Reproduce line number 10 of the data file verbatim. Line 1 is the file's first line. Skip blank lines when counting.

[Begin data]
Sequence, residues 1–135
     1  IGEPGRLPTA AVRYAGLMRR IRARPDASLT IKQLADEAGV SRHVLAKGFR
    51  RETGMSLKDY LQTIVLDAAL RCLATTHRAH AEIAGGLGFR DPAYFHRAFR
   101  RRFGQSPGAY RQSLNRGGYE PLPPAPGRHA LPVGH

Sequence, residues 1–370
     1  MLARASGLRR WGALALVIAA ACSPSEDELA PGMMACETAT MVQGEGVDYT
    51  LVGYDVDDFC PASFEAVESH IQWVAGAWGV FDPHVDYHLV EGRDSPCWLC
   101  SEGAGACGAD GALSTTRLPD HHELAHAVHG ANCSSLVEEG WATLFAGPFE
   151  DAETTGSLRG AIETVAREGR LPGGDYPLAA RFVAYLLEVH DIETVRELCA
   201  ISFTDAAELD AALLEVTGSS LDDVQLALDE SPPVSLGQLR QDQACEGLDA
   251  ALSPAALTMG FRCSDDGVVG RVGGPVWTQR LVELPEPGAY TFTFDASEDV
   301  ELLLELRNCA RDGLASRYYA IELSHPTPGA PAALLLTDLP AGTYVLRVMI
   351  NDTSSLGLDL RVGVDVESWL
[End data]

   201  ISFTDAAELD AALLEVTGSS LDDVQLALDE SPPVSLGQLR QDQACEGLDA